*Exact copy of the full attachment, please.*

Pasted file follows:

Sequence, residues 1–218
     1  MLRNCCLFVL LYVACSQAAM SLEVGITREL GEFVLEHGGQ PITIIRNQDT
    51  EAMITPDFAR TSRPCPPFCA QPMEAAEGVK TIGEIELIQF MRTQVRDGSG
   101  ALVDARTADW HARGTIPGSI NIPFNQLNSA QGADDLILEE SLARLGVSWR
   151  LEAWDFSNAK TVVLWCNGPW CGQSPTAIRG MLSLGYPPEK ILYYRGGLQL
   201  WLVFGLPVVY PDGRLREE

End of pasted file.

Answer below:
Sequence, residues 1–218
     1  MLRNCCLFVL LYVACSQAAM SLEVGITREL GEFVLEHGGQ PITIIRNQDT
    51  EAMITPDFAR TSRPCPPFCA QPMEAAEGVK TIGEIELIQF MRTQVRDGSG
   101  ALVDARTADW HARGTIPGSI NIPFNQLNSA QGADDLILEE SLARLGVSWR
   151  LEAWDFSNAK TVVLWCNGPW CGQSPTAIRG MLSLGYPPEK ILYYRGGLQL
   201  WLVFGLPVVY PDGRLREE